A report from the Centers for Disease Control in December of 2009 found that one in 110 children in America today have an autism spectrum disorder (ASD). The Autism Society of America (ASA) describes autism as a “national health crisis” that frequently is under diagnosed.
Currently, the Autism Society suggests that the cost of caring for a child with autism exceeds $3 million and that the U.S. should reserve about $90 billion a year to cover costs for research, insurance, education and more.
Autism is treatable and studies show that early diagnosis and intervention lead to better outcomes. Possible signs to watch for early identification in the young child are:
• Lack or delay in spoken language.
• Repetitive use of language and/or motor mannerism (hand flapping or twirling objects).
• Little or no eye contact.
• Lack of interest in peer relationships.
• Lack of spontaneous or make-believe play.
• Persistent fixation on parts of objects (spinning the wheels on a toy car for long periods, instead of playing with it “appropriately”).
Autism is a complex neuro-developmental disorder with excesses and deficits in behavior that have a neurological basis. Autism impairs social interaction and communication with restricted and repetitive behavior starting before the child is three. For example, social impairments in infants and toddlers could be observed as not responding when their name is called, smiling less often and poor eye contact. Three- to 5-year-old autistic children are less likely to show social understanding and initiative, even with peers. They seem unable to respond to emotions, communicate nonverbally or to take turns with peers.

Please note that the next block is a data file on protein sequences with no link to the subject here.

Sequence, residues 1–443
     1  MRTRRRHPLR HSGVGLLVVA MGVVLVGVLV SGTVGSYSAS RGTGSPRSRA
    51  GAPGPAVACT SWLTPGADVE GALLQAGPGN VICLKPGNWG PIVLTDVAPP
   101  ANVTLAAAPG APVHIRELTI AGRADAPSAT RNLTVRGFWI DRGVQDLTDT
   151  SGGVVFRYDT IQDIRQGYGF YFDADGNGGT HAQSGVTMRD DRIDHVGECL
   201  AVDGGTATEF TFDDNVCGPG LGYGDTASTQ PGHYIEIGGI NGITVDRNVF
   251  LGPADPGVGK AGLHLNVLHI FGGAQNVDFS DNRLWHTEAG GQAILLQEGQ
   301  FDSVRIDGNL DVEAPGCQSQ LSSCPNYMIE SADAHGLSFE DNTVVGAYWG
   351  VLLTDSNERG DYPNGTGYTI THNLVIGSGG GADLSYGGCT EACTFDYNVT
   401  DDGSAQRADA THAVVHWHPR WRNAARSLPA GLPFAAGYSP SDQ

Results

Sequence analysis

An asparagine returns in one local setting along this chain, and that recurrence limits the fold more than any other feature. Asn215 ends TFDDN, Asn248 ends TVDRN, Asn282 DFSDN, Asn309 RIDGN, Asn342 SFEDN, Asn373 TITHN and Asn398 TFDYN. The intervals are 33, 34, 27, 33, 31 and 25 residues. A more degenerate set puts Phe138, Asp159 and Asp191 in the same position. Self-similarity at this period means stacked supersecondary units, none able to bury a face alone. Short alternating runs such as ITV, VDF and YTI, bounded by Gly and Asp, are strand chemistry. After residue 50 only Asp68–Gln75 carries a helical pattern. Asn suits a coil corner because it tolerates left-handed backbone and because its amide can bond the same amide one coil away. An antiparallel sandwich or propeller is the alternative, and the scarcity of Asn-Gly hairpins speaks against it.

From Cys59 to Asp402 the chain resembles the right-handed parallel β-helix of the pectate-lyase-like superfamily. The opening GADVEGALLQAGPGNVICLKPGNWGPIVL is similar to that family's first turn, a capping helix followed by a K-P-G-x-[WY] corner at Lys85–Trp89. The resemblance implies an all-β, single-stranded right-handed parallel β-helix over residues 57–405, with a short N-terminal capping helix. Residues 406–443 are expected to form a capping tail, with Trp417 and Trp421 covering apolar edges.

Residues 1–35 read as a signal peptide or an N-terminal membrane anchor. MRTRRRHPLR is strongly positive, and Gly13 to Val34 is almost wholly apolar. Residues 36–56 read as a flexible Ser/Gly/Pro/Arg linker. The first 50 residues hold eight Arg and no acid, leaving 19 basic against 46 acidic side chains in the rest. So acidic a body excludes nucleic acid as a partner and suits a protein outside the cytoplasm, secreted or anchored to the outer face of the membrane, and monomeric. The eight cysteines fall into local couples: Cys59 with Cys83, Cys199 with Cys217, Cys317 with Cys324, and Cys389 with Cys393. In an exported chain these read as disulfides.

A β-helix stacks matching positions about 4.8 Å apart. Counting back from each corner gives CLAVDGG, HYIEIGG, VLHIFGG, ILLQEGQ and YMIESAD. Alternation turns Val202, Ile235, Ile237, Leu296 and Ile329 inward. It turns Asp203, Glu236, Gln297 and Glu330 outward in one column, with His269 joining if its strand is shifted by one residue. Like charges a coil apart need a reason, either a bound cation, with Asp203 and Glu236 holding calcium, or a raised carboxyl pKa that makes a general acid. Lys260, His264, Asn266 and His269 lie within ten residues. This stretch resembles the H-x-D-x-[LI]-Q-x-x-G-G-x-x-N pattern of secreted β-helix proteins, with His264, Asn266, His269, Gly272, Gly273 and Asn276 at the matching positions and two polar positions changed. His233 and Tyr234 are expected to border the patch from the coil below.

Autism is a spectrum disorder where symptoms can be very different for each child and to complicate the matter, symptoms can also change with the child’s age.
The American Academy of Pediatrics recommends that all children be screened for ASD at the 18- and 24-month well-child doctor visits. If you have any concerns about your child’s development, discuss them with your pediatrician and, if necessary, obtain a referral to a specialist. There are no medical tests for assessing and diagnosing autism. A proper diagnosis is based on careful observation of the child’s behavior and interaction, and tracking the history of the individual’s developmental level. However, a thorough medical examination is helpful to rule out other issues, such as hearing problems or digestive concerns.
An examination by a psychologist may include intellectual assessment, a detailed developmental history and careful observation of the child across numerous settings (home and school). Once a diagnosis has been made, a collaborative effort to ensure proper treatment – like speech or occupational therapy and incorporation of educational services – with the family occurs so they can work with the child’s individual strengths and develop strategies or treatments for the child’s deficits or weaknesses.
Although there is no cure for autism, it is very treatable and current studies show that early diagnosis and intervention can lead to much better outcomes.
Astrid Heathcote is a licensed clinical psychologist with a private practice in Ahwatukee Foothills. She specializes in autism spectrum disorders (ASD), and can be reached at (480) 275-2249 or www.drastrid.org.